Intolerant to all lectins (including gluten), nightshades (potatoes, tomatoes, peppers, eggplant) and salicylates.

Asperger Syndrome, Tourette Syndrome, Addison's disease (adrenal insufficiency), hypothyroidism, fatigue syndrome, asthma

------------------------------------------------------------------------------------------------------------------

Share this post


Link to post
Share on other sites

Join eNewsletter

The dictionaries are mostly looking at D from being sick with a virus or food poisoning or something like that. If you look at it from that perspective, what they say is true. But when dealing with celiac disease those 'rules' don't necessarily apply.

Yes--I think this is very true.


Patti

"Life is what happens while you're busy making other plans"

"When people show you who they are, believe them"--Maya Angelou

"Bloom where you are planted"--Bev

Share this post


Link to post
Share on other sites

Join eNewsletter

When I was in the Peace Corps diarrhea was classified as "more than 4 times in one day, more than 1 day in a row" Everyone has tummy problems sometimes. You just need to be aware of when it becomes dangerous.


"But then, in all honesty, if scientists don't play god, who will?"

- James Watson

My sources are unreliable, but their information is fascinating.

- Ashleigh Brilliant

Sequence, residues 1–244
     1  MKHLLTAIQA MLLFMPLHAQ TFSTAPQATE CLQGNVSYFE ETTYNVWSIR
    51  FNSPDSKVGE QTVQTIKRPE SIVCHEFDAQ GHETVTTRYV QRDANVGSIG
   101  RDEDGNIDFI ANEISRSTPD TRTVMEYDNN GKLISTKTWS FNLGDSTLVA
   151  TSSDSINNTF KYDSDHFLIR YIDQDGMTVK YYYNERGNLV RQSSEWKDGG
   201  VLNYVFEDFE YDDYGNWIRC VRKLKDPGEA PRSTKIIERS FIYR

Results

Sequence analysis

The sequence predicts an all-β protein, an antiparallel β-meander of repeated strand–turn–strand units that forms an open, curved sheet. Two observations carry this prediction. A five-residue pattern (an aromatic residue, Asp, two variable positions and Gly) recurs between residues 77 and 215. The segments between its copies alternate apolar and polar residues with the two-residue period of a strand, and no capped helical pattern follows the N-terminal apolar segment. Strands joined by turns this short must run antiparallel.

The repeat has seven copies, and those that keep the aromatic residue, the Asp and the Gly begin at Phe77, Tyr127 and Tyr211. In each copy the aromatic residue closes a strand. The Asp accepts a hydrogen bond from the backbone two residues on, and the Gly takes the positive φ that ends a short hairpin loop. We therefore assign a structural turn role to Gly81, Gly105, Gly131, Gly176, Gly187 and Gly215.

Leap, and the net will appear.

Share this post


Link to post
Share on other sites

Join eNewsletter

It occurs to me that when diarrhea is listed as a common celiac symptom, it simply means that quite a few celiacs checked that box on a questionnaire. Therefore, "diarrhea" simply means whatever it meant to those celiacs -- pretty similar to any/all of the above, I suppose.


Many hard-to-define health problems, some since childhood.

Diagnosed with spastic colon circa 1984.

My father also had many hard-to-define health problems, as did his brother.

His brother's daughter biopsy-diagnosed as celiac, June 2007.

My Prometheus Celiac Plus blood panel results (late November 2007) were **very** negative

---- except for one DQ8 gene.

Awaiting results of EnteroLab stool tests.

Meanwhile, have been gluten-free since 4 December 2007, and starting to feel better!

Share this post


Link to post
Share on other sites

Join eNewsletter